Friday, July 25, 2014

Trail crosses swinging bridge over gorge

Glen Park swinging bridge
Glen Park Trail
A swinging bridge and a cascades that cuts through 500-million-year-old rock await day hikers on the Glen Park Trail in west-central Wisconsin.

The 0.25-mile round trip set of trails – christened here after the park they run through – sits close to the University of Wisconsin-River Falls campus. Because of that, parking can be difficult to find, so a visit is best done during summer when the student population shrinks.

Tropical sea
To reach the trailhead, head south from downtown River Falls on South Main Street. At West Cascade Street, turn right/west. Street parking is available between Main Street and Winter/State Street. The trailhead is west of Winter/State Street and heads southwest into a wooded area.

You’ll immediately come to the Glen Park Swinging Bridge, a River Falls icon. A swinging bridge was constructed in 1925 and though a replica now stands there, parts of the original stonework marking the entrance remains.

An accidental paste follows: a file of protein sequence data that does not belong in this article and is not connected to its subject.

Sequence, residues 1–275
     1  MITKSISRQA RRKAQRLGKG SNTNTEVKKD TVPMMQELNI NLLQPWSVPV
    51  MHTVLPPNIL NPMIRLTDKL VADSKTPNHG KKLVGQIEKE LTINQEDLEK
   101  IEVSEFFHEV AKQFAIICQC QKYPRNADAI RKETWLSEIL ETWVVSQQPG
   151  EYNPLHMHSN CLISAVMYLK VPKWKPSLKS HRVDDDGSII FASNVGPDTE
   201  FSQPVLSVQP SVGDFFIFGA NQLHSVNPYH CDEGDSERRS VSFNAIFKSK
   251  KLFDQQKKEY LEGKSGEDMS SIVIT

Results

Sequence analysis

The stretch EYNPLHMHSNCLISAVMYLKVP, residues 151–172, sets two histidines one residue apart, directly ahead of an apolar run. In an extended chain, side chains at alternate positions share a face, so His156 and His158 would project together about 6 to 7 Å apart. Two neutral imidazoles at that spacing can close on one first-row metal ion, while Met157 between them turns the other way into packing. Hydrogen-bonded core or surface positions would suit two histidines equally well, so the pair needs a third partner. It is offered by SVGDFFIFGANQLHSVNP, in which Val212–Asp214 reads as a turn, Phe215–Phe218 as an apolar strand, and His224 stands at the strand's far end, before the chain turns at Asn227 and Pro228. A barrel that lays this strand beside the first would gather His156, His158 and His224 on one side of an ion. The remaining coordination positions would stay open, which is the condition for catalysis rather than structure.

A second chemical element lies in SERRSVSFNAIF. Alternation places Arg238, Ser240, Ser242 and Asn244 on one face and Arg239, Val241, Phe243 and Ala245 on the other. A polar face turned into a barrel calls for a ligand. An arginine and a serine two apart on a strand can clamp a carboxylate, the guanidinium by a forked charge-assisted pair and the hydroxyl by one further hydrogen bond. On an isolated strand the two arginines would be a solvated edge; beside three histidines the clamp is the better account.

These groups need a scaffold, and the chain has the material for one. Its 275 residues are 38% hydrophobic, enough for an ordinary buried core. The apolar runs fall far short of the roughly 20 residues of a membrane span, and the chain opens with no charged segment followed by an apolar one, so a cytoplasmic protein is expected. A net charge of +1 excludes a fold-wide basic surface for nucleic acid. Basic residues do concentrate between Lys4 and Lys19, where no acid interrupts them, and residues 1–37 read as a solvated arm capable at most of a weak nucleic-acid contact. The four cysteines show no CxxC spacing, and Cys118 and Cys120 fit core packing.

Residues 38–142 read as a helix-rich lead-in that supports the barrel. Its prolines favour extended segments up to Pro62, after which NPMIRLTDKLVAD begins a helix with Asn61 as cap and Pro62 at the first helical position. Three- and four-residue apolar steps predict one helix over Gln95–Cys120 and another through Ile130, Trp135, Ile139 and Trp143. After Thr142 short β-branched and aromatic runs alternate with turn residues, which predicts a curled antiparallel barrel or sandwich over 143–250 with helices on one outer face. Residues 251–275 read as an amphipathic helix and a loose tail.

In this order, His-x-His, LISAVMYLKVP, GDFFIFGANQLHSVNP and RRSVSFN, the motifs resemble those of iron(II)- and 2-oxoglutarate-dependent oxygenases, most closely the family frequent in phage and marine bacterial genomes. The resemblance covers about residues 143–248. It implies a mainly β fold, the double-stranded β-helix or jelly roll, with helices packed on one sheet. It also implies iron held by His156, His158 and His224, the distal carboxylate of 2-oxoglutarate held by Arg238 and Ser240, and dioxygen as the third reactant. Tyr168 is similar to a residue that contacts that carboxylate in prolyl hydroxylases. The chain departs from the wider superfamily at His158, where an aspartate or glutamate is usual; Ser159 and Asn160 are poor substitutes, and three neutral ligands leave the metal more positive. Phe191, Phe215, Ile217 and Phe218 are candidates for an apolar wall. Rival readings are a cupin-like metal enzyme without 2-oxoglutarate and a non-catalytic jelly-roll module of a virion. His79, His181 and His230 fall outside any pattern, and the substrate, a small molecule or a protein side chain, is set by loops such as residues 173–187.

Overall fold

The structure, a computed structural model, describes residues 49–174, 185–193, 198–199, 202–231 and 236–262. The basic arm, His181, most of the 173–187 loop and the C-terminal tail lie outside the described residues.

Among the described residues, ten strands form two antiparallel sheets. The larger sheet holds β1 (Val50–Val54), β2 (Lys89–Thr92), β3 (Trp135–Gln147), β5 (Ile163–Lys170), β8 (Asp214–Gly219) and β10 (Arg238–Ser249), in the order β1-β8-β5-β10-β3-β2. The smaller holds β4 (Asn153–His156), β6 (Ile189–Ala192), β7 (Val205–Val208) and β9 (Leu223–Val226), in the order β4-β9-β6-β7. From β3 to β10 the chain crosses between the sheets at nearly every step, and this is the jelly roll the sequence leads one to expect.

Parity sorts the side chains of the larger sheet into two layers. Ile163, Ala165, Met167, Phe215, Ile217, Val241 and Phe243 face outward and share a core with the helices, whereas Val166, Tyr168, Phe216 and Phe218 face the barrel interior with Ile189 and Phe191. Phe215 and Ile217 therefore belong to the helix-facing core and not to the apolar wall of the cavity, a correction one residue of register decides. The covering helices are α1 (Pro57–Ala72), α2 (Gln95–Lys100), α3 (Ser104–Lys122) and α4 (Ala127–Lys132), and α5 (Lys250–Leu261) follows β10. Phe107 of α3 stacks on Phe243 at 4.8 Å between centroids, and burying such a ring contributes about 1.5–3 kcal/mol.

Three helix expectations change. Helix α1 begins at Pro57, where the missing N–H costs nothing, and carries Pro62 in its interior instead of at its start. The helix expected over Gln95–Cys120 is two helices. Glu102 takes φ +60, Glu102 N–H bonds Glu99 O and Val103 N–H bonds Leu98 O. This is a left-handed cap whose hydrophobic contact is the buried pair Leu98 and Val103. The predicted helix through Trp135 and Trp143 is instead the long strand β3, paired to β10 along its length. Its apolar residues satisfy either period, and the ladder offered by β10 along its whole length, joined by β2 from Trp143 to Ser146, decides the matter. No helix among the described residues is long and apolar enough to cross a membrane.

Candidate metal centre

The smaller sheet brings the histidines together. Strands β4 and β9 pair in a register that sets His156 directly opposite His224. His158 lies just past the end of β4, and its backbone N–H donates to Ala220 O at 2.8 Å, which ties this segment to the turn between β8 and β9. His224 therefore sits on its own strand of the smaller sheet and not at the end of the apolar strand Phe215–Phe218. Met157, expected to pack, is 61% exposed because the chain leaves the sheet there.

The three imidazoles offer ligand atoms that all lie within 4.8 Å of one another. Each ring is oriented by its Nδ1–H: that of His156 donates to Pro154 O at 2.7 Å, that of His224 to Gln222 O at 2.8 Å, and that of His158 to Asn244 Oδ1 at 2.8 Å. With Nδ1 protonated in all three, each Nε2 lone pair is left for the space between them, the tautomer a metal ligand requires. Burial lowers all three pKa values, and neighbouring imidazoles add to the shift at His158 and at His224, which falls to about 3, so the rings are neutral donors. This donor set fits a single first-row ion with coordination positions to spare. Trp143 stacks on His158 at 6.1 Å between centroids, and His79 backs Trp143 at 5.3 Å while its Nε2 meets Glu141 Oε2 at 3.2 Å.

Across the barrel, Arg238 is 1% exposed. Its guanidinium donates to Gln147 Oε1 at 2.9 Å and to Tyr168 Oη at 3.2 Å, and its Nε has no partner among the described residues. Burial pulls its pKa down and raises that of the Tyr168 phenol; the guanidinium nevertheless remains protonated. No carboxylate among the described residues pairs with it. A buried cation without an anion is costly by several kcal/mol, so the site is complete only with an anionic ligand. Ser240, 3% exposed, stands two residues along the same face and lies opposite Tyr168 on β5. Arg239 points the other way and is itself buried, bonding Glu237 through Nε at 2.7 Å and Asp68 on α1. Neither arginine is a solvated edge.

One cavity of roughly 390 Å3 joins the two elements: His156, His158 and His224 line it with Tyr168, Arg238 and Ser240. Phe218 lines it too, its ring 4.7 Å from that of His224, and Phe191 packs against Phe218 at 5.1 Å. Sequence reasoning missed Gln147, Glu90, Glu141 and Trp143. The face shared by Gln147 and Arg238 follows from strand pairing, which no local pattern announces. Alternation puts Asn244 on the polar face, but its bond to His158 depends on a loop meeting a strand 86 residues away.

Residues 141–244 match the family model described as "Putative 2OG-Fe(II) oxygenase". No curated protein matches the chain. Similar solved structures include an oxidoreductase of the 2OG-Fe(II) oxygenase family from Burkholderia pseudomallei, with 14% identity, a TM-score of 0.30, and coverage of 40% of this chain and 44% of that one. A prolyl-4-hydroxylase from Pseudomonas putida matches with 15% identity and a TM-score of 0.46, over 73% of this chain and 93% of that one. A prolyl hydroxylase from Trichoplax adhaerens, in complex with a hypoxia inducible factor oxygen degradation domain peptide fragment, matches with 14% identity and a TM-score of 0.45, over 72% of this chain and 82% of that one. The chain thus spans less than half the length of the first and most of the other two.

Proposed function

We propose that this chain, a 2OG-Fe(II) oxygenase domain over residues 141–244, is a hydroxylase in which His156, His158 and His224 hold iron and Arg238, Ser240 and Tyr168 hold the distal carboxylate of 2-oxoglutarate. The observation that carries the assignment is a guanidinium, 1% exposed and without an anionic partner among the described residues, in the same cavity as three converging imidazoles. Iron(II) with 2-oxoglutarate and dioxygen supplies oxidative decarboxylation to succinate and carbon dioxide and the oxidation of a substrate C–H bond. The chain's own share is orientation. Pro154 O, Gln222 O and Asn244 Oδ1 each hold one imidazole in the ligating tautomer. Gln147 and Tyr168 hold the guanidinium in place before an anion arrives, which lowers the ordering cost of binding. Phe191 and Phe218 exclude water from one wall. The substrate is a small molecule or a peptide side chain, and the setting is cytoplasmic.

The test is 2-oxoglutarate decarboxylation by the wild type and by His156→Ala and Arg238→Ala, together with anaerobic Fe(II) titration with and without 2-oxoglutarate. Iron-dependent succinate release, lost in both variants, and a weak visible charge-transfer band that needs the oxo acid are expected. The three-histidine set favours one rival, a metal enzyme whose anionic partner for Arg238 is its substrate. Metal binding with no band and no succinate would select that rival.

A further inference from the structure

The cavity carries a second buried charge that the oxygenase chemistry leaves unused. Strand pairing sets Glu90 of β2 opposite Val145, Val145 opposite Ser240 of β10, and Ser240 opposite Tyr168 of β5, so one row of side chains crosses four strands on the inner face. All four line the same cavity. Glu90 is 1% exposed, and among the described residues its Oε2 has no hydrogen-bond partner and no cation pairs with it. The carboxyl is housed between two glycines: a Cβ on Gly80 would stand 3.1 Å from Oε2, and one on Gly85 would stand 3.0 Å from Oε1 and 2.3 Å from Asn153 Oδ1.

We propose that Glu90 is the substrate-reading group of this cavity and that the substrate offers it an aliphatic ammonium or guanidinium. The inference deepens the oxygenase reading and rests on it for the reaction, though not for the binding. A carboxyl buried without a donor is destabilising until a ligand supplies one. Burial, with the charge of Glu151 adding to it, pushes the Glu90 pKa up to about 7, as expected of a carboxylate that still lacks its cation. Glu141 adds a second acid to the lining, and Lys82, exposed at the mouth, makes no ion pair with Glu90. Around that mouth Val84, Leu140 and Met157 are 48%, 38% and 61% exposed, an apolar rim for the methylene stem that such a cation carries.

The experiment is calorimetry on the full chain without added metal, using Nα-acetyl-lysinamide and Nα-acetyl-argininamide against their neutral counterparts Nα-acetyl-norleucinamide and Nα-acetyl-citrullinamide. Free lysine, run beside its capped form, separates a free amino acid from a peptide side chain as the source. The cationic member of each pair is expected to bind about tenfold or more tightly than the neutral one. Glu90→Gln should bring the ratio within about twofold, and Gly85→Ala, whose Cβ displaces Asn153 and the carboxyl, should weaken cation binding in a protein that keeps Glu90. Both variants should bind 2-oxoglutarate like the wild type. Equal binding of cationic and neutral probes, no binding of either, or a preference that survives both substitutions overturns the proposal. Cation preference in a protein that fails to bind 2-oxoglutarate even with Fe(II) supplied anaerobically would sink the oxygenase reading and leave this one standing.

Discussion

As reaching the bridge’s center, look over the side at the gorge below. You’ll be able to hear and see part of the rapids. The South Fork of the Kinnickinnic River rumbles through sandstone that settled there some 500 million years ago when that part of the world was covered by a shallow, tropical sea.

The world looked much different then. With life limited to the sea, the coastline about 60 miles to the north would have been barren and hot with daytime temperatures often hitting 100 degrees F. Days were shorter, too, lasting only about 20 hours.

Trout steam
Upon crossing the swinging bridge, you’ve entered Glen Park, a favorite spot for local residents to picnic since the 1860s, and the city’s oldest park. Take the trail right/northwest through a shaded area then downhill to the gorge’s bottom. Once there, walk southeast toward the rapids.

The South Fork rushes north into the Kinnickinnic River, a major trout stream in the region. Fishermen casting rods often can be spotted in the gorge, which at one time was considered a glen (hence the park’s name).

When done looking about, return the way you came. You can extend the hike slightly by staying on the trail rather than turning back onto the swinging bridge. The park also contains a playground.

Find out about trail guidebooks available in the Hittin’ the Trail series.